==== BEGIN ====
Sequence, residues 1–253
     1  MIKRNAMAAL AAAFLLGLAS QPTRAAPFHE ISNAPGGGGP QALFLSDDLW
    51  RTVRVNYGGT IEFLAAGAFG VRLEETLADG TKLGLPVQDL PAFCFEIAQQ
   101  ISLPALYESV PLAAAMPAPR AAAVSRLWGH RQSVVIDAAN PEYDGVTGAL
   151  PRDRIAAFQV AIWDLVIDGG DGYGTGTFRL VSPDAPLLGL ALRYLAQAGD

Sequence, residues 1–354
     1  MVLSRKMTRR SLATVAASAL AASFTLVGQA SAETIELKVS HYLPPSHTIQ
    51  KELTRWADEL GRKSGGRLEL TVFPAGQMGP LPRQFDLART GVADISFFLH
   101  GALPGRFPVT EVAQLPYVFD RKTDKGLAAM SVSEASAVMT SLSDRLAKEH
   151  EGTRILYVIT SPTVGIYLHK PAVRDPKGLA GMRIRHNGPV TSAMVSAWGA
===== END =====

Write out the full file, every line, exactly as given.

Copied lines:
Sequence, residues 1–253
     1  MIKRNAMAAL AAAFLLGLAS QPTRAAPFHE ISNAPGGGGP QALFLSDDLW
    51  RTVRVNYGGT IEFLAAGAFG VRLEETLADG TKLGLPVQDL PAFCFEIAQQ
   101  ISLPALYESV PLAAAMPAPR AAAVSRLWGH RQSVVIDAAN PEYDGVTGAL
   151  PRDRIAAFQV AIWDLVIDGG DGYGTGTFRL VSPDAPLLGL ALRYLAQAGD

Sequence, residues 1–354
     1  MVLSRKMTRR SLATVAASAL AASFTLVGQA SAETIELKVS HYLPPSHTIQ
    51  KELTRWADEL GRKSGGRLEL TVFPAGQMGP LPRQFDLART GVADISFFLH
   101  GALPGRFPVT EVAQLPYVFD RKTDKGLAAM SVSEASAVMT SLSDRLAKEH
   151  EGTRILYVIT SPTVGIYLHK PAVRDPKGLA GMRIRHNGPV TSAMVSAWGA